Sociopathy and Rationality
So I randomly ran across a very interesting site about sociopaths. The links at the FAQ and informal test are particularly intriguing (especially since many of us score lower on all 5 moral dimensions measured at yourmorals.org, although many of us would score higher if a liberty dimension was added). Sociopaths often get a lot of flak, and a lot of this flak is completely understandable, since sociopaths often effectively destroy the perception between malleability and effort (since their personalities are effectively immalleable, and no amount of effort, expressed traditionally, could help them—although I do believe that there are highly creative solutions that could integrate them better in society where they won’t feel like they have a need to constantly take from others) - and people who do believe in the correlation between malleability and effort often do end up more able to change themselves. Sociopaths also effectively reduce the trust people have with everyone else—because anyone else could be seen as a potential sociopath (the possibility of sociopaths forces people to use “tit-for-tat” as the default strategy for dealing with others, rather than the “altruistic” strategy—but people often end up becoming even less generous than “tit-for-tat” due to their overreactions to negative experiences). At the same time, I was quite struck by how many of these traits (expressed in both links) also correlate with traits we see in the highly rational (as sociopaths often lack much of the emotional baggage found in neurotypicals). Of course, there are the dysfunctional sociopaths who are truly dangerous for society at large, and the more functional sociopaths, who can appreciate (through some highly creative arguments—I’ve used some of those arguments on myself to reduce my adolescent anger towards humanity—but it’s hard for people to really think of those arguments unless they’ve gone through a similar phase of anger themselves) that the world does not revolve around their lives.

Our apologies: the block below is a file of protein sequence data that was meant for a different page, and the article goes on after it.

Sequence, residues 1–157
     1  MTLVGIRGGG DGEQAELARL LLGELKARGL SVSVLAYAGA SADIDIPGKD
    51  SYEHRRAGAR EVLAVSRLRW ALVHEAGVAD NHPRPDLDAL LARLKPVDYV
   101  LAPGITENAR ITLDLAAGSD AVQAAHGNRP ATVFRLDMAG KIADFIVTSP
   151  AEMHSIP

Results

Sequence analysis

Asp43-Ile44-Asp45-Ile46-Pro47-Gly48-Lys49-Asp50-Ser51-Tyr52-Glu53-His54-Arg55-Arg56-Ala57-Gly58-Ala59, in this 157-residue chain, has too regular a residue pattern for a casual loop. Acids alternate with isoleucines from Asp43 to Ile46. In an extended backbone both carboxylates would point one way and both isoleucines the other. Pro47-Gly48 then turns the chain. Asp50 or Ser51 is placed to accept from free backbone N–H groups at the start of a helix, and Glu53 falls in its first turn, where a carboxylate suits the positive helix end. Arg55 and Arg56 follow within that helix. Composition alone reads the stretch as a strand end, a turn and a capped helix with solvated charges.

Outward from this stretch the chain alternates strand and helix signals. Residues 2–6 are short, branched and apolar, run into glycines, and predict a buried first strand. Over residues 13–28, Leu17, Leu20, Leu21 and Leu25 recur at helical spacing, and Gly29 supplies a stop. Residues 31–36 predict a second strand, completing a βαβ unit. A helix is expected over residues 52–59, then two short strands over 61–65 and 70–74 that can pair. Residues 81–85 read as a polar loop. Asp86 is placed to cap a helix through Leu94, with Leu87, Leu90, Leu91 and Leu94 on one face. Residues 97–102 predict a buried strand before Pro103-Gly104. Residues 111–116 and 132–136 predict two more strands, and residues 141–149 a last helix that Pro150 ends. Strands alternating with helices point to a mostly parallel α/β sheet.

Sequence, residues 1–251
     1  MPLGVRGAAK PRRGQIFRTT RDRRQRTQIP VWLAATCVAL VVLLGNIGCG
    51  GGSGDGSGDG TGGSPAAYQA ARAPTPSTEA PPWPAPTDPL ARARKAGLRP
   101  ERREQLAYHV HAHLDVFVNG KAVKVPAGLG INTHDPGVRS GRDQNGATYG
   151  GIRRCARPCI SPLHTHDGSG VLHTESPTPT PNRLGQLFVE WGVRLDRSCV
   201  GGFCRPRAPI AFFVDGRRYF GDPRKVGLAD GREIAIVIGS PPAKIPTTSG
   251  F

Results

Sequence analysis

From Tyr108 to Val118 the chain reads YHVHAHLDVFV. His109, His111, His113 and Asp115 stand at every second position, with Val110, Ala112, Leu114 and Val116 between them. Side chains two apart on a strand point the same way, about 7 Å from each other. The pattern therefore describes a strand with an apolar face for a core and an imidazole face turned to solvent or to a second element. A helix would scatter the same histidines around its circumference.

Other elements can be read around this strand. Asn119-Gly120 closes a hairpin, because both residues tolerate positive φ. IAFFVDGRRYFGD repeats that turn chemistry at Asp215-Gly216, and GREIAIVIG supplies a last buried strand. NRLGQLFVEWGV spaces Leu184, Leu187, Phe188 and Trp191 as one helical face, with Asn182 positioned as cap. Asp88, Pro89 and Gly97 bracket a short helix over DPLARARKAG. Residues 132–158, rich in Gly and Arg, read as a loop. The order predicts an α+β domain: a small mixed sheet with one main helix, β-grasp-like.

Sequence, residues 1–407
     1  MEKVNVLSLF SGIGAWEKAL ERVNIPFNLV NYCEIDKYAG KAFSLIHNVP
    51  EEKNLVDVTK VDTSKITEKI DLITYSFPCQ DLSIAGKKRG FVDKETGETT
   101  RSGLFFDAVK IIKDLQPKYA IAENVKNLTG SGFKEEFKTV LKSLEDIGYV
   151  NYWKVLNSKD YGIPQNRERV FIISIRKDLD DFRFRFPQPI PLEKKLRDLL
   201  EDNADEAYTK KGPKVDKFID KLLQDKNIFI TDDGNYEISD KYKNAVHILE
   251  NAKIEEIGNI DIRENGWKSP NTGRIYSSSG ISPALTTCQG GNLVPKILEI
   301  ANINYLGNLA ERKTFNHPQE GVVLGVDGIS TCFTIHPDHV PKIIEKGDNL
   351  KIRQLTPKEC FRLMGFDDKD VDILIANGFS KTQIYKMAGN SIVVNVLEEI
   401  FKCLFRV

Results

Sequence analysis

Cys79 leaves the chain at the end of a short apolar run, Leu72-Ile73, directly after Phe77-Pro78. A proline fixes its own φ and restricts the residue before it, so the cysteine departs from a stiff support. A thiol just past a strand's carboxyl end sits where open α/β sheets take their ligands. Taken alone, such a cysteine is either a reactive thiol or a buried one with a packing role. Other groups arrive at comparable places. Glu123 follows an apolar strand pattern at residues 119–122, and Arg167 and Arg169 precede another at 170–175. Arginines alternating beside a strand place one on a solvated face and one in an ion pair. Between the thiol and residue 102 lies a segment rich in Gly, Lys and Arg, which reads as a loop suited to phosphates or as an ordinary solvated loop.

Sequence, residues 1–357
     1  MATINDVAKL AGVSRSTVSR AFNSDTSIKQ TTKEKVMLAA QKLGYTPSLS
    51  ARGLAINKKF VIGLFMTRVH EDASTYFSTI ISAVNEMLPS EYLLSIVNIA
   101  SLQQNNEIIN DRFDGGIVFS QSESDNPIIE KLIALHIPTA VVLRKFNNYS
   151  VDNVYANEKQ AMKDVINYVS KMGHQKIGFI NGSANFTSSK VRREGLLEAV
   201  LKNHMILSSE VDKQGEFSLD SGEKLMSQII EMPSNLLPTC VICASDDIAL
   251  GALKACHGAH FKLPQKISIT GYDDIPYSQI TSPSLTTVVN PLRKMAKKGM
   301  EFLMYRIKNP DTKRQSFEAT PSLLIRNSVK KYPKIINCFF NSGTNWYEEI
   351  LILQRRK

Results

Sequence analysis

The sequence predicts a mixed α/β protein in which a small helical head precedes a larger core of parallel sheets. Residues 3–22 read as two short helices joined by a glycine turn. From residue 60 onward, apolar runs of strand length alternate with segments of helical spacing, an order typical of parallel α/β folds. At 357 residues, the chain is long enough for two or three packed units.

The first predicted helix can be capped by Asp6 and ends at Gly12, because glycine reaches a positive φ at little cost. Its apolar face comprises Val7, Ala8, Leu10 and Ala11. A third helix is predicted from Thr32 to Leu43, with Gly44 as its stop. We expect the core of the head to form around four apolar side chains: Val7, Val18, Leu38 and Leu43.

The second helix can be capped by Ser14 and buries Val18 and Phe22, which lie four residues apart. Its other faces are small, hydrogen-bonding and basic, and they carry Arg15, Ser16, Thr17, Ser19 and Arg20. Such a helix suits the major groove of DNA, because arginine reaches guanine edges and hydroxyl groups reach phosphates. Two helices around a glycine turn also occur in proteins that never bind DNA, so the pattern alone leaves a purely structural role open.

In particular, I found the linked sociopath test to be intriguing, since I fit all 12 of those traits (except for possibly the trait about embarrassment). The first observation was particularly interesting: “1. Sociopaths typically don’t smalltalk about themselves as much as normal people do. They will direct the conversation back to the new acquaintance as much as they can.” This seems like the perfectly rational thing to do (in most cases), since people generally love to talk about themselves, even though you probably benefit most by having them do most of the talking (since you learn more about their potentially informative experiences than they learn about your potentially informative experiences).
I don’t consider myself a sociopath, however, since I’m still very capable of feeling shame and remorse when I’ve actually managed to hurt someone (although it took a lot of time for me to develop that), and I’ve also become a near-vegan (since I do love animals).
I think an honest discussion on sociopathy on LessWrong would be interesting.